Image loading optimization enhancements in 6.4

WordPress 6.4 comes with several enhancements to the wp_get_loading_optimization_attributes() function which was introduced in 6.3 as a central place to manage loading optimization attributes, specifically for images and iframes.

Quick recap: Loading optimization attributes are those such as loading="lazy" or fetchpriority="high", which can be added to certain HTML tags to optimize loading performance in the browser.

Simplified complex logic

The logic of the wp_get_loading_optimization_attributes() is generally quite complex, as it caters for several factors that influence when to apply certain loading optimization attributes. When the function was originally introduced, it was particularly hard to follow, since it included lots of early returns as well as closures. This was mostly due to maintaining its original code paths that came from the deprecated wp_get_loading_attr_default()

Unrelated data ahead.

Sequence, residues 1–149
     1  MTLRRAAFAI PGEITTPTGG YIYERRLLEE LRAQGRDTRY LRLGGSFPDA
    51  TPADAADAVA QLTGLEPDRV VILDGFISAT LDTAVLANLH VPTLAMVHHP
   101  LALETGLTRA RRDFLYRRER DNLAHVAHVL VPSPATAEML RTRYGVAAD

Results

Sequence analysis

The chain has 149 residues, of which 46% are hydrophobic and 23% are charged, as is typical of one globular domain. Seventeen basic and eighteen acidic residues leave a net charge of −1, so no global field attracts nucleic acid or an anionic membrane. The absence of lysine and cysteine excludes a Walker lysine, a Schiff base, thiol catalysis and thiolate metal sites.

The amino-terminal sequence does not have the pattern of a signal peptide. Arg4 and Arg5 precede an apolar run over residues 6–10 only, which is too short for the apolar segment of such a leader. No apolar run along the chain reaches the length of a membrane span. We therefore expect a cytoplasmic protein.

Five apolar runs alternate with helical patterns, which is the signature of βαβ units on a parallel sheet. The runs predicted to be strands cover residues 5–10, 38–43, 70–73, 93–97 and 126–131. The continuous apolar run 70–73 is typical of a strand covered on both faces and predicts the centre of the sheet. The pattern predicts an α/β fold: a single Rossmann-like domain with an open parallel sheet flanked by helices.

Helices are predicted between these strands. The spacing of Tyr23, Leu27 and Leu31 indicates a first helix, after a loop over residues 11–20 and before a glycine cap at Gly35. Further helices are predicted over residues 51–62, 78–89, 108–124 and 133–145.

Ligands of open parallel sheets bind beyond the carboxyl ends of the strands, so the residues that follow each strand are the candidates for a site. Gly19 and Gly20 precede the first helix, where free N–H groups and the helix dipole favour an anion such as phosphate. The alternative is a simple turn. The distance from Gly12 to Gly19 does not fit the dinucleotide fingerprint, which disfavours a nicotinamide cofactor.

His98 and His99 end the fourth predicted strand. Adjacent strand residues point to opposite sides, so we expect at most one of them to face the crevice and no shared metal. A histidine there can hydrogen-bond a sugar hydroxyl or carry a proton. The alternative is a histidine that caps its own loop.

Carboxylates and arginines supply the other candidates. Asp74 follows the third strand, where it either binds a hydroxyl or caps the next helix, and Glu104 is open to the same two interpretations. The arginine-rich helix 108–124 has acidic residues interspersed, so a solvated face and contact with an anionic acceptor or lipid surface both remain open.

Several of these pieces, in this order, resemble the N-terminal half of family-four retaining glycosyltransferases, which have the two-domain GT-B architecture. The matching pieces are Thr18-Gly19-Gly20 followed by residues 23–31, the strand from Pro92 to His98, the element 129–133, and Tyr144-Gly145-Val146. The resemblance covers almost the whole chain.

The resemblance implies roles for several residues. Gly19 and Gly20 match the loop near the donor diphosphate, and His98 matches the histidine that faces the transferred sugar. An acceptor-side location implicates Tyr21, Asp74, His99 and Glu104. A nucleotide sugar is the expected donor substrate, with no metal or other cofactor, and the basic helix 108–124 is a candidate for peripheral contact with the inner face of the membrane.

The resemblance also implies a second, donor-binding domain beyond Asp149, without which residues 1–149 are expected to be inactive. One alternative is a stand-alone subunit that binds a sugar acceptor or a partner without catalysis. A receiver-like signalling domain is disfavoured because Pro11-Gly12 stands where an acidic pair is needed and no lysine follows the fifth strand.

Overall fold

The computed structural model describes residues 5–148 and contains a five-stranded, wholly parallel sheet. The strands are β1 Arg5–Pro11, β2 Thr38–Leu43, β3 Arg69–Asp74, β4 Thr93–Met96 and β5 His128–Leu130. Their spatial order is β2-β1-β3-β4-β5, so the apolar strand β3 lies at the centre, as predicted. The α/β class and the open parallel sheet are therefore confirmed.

function as much as possible to avoid breakage.

While the function logic is still complex in WordPress 6.4, it has been notably simplified, taking a more sequential and thus easier to follow approach. This facilitated the implementation of further enhancements such as those outlined below.

Please refer to Trac ticket #58891 for additional details on these changes.

Managing the decoding="async" attribute

The decoding="async" attribute has been present on images by default since WordPress 6.1 (see Trac ticket #53232). As of WordPress 6.4, the logic for applying the attribute has been consolidated in the wp_get_loading_optimization_attributes() function, as the attribute is a perfect fit for that function.

Deprecated function